Olivia Kukar, Ariyan Kalami, Brian Nguyen, Rishi Chandra
AbstractAudio file compression standards are relatively consistent across different platforms, regardless of what a given audio file actually contains. We are analyzing differences in sound between audio files of different levels of compression and comparing the noticeability of these differences across different types of audio, namely different genres of music. We hope to identify certain types of audio that can be compressed at different levels than others in order to propose more efficient compression schemes for those subgenres.
Compressing audio files is essential to efficiently streaming and storing music. Audio codecs are the languages used to compress audio files. The encoding process takes analog signal inputs and converts them into a digital form. Then, the codec decodes it back into analog signals for your device to play the music. The codec can either be classified as lossy or lossless. Lossy compression slightly changes the audio after the decoding process and lossless compression maintains the audio quality after decoding.
2. Methods and Materials
Audio files were collected from a variety of music genres. The goal of the project is to determine which genre of music sounded the most similar to the original audio. Using Logic Pro X, the sampling rate of a specific audio file was modified to various frequencies. The variables used ranged from 64000 kHz to 11025 kHz. The next step required human reviewers to process the compressed audio files and compare them to the original. A value was assigned to the individual file containing the reviewer’s opinion of how satisfied they are with the compressed audio file. The value assigned to the file was a rating from 1 to 10. The data collected was logged into a spreadsheet on Google Sheets. There were a total of 100 audio files that were rated by three individual reviewers. Then, the three scores for each compressed file were averaged to determine the aggregate score.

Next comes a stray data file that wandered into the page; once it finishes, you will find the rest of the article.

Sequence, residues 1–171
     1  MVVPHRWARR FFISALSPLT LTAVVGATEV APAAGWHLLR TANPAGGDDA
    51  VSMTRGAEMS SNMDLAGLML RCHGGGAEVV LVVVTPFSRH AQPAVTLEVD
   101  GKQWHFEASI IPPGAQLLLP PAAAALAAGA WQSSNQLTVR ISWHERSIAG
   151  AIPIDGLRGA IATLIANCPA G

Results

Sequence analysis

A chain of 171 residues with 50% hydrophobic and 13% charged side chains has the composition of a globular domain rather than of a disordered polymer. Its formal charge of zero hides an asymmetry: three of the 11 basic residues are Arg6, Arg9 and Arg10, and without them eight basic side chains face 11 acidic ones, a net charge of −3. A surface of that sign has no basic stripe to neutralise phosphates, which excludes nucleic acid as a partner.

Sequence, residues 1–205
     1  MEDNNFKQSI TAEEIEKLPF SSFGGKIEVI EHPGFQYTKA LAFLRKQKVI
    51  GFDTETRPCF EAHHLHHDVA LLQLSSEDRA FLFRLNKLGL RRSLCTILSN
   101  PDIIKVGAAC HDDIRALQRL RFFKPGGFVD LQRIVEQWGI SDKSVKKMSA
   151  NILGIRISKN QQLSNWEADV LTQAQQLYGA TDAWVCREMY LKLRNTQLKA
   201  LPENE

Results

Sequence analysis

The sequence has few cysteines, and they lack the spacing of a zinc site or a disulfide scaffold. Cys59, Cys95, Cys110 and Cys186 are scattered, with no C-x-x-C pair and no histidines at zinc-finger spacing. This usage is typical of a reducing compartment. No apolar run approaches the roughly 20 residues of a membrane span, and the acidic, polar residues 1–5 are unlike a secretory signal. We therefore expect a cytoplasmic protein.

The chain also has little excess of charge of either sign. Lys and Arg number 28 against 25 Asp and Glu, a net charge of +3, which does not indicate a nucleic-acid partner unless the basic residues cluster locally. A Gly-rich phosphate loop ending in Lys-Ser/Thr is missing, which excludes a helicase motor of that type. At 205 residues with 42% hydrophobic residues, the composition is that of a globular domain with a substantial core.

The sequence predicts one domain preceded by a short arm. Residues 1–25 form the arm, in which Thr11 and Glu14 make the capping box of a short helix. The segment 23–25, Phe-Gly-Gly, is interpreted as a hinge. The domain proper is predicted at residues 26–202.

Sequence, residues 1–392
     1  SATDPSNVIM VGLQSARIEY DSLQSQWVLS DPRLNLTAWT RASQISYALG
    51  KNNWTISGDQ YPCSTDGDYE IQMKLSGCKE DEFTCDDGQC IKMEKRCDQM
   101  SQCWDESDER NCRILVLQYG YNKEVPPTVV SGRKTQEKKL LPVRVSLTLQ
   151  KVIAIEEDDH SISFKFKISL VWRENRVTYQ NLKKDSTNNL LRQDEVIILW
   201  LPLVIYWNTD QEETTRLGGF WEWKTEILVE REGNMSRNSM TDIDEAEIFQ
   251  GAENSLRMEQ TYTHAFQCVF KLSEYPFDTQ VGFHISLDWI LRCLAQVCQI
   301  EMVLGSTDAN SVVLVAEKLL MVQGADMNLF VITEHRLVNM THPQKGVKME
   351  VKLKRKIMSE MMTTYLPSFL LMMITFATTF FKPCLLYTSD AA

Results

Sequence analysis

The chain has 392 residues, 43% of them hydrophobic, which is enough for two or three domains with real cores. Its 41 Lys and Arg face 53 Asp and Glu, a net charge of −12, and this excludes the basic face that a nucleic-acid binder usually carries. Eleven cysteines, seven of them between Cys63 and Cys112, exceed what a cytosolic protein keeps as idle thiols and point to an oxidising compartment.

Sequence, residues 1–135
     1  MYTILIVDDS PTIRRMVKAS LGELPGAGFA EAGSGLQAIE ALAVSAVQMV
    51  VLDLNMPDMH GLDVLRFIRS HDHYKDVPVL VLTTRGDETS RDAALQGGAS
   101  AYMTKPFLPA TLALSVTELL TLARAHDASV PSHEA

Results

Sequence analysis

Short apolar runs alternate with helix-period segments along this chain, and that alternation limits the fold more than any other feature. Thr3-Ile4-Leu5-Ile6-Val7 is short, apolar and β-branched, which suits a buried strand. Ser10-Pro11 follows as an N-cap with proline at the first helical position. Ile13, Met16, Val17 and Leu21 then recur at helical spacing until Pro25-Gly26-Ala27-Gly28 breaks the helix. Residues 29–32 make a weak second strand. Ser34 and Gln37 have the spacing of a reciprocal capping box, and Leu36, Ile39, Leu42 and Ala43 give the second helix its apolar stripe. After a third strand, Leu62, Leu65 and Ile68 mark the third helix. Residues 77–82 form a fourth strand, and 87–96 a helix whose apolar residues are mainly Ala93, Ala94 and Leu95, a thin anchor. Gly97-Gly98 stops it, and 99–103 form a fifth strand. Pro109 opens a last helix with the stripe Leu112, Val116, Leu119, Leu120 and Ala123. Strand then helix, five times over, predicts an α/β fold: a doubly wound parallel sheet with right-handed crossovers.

We found that some genres, such as classical music, are much easier to compress in terms of lossless compression. The difference between different compressed versions of such songs were very minimal, and even nonexistent at times. This is the case with genres such as classical because there aren’t as many instruments or vast ranges between sounds at different frequencies. In this sense, our study did work. In the future, we could try testing and research on even more types of genres to see if any respond the same way that classical did.
Thank you to professor Tsachy Weissman and to all of the Stanford staff who made this research experience possible through sharing their time, efforts and equipment.
Stephens, C. (2018, September 10). After MP3: The Past, Present, and Future of Audio Codecs. Retrieved from https://www.premiumbeat.com/blog/past-present-future-audio-codecs/
Lee, J. (2019, February 26). The 10 Most Common Audio Formats: Which One Should You Use? Retrieved from https://www.makeuseof.com/tag/audio-file-format-right-needs/
Encoding audio and video – Revision 1 – GCSE Computer Science – BBC Bitesize. (n.d.). Retrieved from https://www.bbc.com/bitesize/guides/z7vc7ty/revision/1
Lee, J. (2016, July 25). 5 Tips for Optimizing Audio File Sizes. Retrieved from https://www.makeuseof.com/tag/5-tips-optimizing-audio-file-sizes/
48K Vs. 44.1 Khz 16 Vs. 24 Bit depth. (2018, April 05). Retrieved from https://community.spotify.com/t5/Desktop-Windows/48K-Vs-44-1-Khz-16-Vs-24-Bit-depth/td-p/866401
Pendlebury, T. (2015, July 05). Apple Music vs. Spotify: Is there a difference in sound quality? Retrieve from https://www.cnet.com/news/apple-music-vs-spotify-is-there-a-difference-in-sound-quality/